Kefi Greek Tavern 1014 Church St., Evanston 855-927-5483 27live.com

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THE DINING ISSUE

Chef Carrie Nahabedian

WORKING THE LINE: 7 RESTAURANT COOKING CLASSES WORTH CHECKING OUT BY R ACHEL BROWN KULP

There are dozens of places to sharpen your culinary skills in this gastronomically obsessed city—from cooking schools to cooking parties—but what better way to master the art of fine cuisine than to learn from the maestros themselves? We rounded up some of our favorite restaurant cooking classes to take you out of the classroom and into the trenches.

I had the opportunity to try out Chef Carrie Nahabedian’s cooking class at Brindille first hand. The class is lead by Nahabedian and Brindille's pastry chef, Craig Harzewski. Classes are offered one to three times per month and tailored to participants’ interests, but, says Nahabedian, “I like to make a dinner party.” The students in my class had pre-requested a Midwest-centric menu, which included a fish course, meat course and dessert. In our matching striped aprons and cradling cups of good coffee, we got behind the line with Nahabedian as she demonstrated the preparation of each course, doling out nuggets of culinary wisdom along the way. The experience was casual and surpris-

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ingly intimate, like shadowing the family matriarch in her home kitchen as she skillfully recreates heirloom dishes from memory. After our lesson, we sat in the Brindille dining room for a private three-course meal complete with thoughtful wine pairings. $175 per person includes lunch, wine and recipes. For more info, contact Brindille at 312-595-1616 or online at brindille-chicago.com

LITTLE GOAT The Little Goat Diner offers twice monthly cooking classes for 10-12 participants in their cozy private event space. The

PHOTO BY PAUL STRABBING

BRINDILLE

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Belly Q

classes are open to the public, but private parties can also be accommodated. Classes cover a diverse array of topics—from cooking seasonally to pastry to bread making—and the level of participation varies with the class topic. Beverages are provided throughout the lesson, and the experience culminates with a multi-course dinner served family-style. $85 per person includes meal and beverages. Classes are announced on their Facebook page: Facebook.com/littlegoatchicago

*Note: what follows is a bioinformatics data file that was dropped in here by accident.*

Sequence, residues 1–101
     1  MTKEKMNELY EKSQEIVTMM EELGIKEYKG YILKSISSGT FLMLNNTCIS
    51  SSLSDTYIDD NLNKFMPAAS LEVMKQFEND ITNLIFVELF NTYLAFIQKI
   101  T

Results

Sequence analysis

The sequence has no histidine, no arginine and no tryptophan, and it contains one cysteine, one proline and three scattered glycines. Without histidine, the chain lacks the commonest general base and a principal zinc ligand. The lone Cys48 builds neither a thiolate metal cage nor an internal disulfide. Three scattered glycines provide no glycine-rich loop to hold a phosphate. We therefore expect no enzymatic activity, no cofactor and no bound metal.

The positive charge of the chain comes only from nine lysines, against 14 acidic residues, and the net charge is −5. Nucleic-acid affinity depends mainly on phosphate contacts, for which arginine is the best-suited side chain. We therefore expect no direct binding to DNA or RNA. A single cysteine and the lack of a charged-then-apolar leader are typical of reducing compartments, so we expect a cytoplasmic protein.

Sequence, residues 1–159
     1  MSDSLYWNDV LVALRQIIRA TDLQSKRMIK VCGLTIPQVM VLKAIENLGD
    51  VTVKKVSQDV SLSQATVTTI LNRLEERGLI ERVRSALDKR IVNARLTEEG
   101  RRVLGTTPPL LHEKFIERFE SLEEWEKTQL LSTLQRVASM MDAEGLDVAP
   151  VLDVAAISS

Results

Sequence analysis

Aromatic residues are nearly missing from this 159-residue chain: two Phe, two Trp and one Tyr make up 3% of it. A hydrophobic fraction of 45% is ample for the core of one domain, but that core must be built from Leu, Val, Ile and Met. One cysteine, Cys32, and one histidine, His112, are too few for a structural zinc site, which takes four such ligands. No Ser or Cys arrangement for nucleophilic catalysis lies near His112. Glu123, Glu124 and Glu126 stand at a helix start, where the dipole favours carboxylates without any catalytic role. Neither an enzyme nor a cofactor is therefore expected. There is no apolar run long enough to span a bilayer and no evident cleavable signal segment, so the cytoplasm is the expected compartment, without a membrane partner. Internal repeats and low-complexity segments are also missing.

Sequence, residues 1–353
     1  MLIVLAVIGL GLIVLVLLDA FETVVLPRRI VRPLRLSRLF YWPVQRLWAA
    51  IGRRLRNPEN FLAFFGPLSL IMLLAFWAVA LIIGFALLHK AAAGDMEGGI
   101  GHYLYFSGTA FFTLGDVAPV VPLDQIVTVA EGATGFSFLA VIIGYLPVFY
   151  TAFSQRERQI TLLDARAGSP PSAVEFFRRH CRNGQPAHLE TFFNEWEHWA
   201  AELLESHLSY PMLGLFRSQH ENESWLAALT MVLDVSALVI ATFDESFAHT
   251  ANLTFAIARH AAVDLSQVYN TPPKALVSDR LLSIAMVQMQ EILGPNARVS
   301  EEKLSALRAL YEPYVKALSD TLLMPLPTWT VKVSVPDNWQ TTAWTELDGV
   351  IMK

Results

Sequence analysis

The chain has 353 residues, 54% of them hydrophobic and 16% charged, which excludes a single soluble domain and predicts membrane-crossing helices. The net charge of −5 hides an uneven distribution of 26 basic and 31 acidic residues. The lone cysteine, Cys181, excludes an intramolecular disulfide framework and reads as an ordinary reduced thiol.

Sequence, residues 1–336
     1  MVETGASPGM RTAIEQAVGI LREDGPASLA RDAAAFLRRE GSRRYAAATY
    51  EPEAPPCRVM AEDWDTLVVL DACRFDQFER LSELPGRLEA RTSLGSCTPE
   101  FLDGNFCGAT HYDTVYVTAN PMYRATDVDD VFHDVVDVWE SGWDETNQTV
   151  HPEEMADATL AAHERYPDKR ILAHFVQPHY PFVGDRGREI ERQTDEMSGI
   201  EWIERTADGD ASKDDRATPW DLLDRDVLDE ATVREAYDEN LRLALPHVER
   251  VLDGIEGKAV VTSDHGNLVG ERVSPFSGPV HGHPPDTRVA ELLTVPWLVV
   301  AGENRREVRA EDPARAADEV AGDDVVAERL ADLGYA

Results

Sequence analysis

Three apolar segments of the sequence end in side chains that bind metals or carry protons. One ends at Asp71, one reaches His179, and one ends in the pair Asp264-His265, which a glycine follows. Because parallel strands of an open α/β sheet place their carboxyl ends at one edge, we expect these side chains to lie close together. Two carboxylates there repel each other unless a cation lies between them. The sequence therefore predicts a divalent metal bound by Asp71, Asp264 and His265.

BELLY SHACK /BELLY Q

$50 includes lunch and a beverage. For more info, contact Belly Q at 312-563-1010 or Belly Shack at 773-252-1414

FLORIOLE Floriole Café and Bakery shares its secrets for perfect French pastry in their monthly macaron class. Up to eight participants prepare macarons under the tutelage of chef Sandra Holl and her staff in the Floriole kitchen, while nibbling on appetizers like cheese straws, stuffed dates and salads. Brunch and bread classes are also on the horizon. $80 includes snacks and soft drinks; beer and wine available for purchase. For more info, contact Floriole Café at 773-883-1313 or email cafe@floriole.com

THE SALSA TRUCK By day you can catch the Salsa Truck’s mobile Mexican food truck as it roams Chicago slinging tacos and quesadillas, or belly up to their brick-and-mortar location, The Garage. By night, you can spice up your culinary routine with one of their salsa-making

classes, or brush up on your knife skills. Classes for six to 20 guests are hosted out of The Garage once a month, based on demand. Chef Dan Salls says, "I want our guests to take the tools and techniques from a professional kitchen and apply them not just to Mexican cuisine, but anything they would want to cook at home." Classes are BYOB and hands-on, so bring a six-pack of Modelo and dig in! Price ranges from $40-$70 and include a post-lesson taco feast. For more info, mail salsatruckevents@gmail.com or call The Garage at 312-344-1784